I didn’t notice any costumes interfering with any of the action sequences, like the fight scenes and such. I’m guessing that was a high priority, considering how intense the last fight was, with all of the running and jumping and stabbing.
Thinking back on it, all of the costumes were very well-fitted. Ill-fitting costumes is definitely one of those things that can make costumes stand out in a very bad way, and I don’t recall noticing any instances of it. I’m usually pretty quick to frown upon those sorts of things because they’re not cost prohibitive and therefore shouldn’t be a reason to have the actors looking less than their best. In fact, I once worked on a show in high school after seeing the previous show in which most of the actors looked like they were playing dress-up in their parents’ closet. Being one of the few people working on the costumes with any sewing experience, I made it my personal goal to make sure people’s clothes at least looked like they somewhat fit them. And although, to some extent, this sort of thing comes more naturally with increasing production value, I really appreciate it when fitting is seen as more of a priority than a last minute activity done with safety pins.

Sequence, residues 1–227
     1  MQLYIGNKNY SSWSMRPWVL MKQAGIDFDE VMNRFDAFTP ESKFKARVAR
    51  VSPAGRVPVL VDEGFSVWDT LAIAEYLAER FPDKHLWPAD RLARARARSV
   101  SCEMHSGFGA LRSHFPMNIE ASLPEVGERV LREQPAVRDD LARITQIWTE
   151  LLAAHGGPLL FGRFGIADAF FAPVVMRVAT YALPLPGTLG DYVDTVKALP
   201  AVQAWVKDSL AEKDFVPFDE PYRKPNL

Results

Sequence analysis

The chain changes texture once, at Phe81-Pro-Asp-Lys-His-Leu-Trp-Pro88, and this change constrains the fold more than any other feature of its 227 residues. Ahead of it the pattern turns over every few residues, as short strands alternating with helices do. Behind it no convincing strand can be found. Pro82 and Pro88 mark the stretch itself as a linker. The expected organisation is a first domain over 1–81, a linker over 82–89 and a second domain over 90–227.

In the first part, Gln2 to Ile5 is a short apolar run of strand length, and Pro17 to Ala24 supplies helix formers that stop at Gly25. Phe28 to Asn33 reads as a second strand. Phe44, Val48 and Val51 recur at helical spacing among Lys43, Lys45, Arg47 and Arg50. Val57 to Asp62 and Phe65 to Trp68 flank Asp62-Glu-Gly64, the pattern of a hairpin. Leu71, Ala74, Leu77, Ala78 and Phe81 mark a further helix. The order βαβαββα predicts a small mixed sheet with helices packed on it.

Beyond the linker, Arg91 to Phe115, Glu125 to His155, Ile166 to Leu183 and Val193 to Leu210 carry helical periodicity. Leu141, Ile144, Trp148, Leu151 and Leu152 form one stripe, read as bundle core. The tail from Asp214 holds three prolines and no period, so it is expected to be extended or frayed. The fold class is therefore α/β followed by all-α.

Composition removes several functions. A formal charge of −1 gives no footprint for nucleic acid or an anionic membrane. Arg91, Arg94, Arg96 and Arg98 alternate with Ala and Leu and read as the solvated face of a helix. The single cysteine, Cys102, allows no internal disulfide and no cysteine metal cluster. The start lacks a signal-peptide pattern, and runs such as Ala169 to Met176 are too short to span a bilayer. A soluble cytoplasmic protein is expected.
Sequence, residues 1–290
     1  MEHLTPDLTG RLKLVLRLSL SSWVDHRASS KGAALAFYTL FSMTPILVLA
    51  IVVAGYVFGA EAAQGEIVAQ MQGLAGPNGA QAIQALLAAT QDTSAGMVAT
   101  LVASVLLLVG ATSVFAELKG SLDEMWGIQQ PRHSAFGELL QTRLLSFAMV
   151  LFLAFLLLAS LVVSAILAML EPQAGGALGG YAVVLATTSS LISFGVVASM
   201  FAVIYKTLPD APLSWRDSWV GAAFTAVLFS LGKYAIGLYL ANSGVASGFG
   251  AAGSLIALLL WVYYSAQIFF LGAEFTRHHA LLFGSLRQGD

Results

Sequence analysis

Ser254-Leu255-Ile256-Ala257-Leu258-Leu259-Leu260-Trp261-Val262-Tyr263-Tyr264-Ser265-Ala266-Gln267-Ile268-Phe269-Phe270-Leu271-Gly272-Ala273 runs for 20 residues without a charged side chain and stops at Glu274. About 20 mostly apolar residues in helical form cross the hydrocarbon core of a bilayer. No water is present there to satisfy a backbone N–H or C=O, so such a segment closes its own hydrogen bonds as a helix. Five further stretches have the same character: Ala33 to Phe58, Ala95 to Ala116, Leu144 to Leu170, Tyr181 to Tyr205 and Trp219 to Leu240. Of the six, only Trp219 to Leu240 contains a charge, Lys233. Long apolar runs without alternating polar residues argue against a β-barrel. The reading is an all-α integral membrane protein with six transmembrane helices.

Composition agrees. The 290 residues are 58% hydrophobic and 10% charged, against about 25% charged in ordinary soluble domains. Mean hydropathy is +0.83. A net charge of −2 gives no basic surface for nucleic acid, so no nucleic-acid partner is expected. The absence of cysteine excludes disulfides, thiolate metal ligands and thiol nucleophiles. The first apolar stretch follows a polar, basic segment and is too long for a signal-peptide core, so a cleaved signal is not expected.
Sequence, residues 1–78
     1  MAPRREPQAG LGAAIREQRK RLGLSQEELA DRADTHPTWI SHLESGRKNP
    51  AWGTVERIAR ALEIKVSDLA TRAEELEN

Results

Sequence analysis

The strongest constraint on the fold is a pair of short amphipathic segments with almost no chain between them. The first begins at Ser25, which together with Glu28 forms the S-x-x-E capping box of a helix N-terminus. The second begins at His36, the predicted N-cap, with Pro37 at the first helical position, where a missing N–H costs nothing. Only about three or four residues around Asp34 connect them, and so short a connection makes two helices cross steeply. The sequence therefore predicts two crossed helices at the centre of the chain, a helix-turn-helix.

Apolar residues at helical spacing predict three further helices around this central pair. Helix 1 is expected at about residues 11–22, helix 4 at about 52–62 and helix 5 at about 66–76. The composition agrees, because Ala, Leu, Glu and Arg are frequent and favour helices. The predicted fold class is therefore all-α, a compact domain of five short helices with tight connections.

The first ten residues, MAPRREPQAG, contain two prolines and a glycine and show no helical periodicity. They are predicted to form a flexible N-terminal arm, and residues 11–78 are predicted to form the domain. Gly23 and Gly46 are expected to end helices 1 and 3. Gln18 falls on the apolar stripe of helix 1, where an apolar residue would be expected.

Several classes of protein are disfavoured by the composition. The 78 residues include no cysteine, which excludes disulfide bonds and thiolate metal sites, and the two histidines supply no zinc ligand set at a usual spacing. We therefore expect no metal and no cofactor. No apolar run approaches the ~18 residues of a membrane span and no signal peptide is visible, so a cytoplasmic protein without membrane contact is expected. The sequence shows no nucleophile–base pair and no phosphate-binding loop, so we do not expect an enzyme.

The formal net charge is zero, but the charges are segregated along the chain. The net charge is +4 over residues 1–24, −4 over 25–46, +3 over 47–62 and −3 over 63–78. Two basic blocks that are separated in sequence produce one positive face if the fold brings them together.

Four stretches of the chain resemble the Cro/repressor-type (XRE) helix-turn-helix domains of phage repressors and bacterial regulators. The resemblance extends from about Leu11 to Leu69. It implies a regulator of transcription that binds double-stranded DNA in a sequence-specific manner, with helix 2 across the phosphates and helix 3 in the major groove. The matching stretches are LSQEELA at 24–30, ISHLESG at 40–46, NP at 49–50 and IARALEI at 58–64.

As my one kind of negative note, I will say that the set design and the costumes felt a little incongruous. They both looked nice, but the scenery looked distinctly less modern than the costumes, more traditionally Roman, in my opinion. This also might be because I had a chance to see the stage before the costumes, and since I was already coming into the show expecting more traditional Roman garb, I projected that kind of feel onto it before the actors even had a chance to come onto the stage.
A Midsummer Night’s Dream - Alley Theater
This was a very interesting show, to say the least. It was my first time seeing a production of A Midsummer Night’s Dream, and I had absolutely no idea what to expect. I’ve been told by others who have seen other productions of the show that this one was very ‘out there’. I found it to be a lot of fun, even if it was a little strange at times.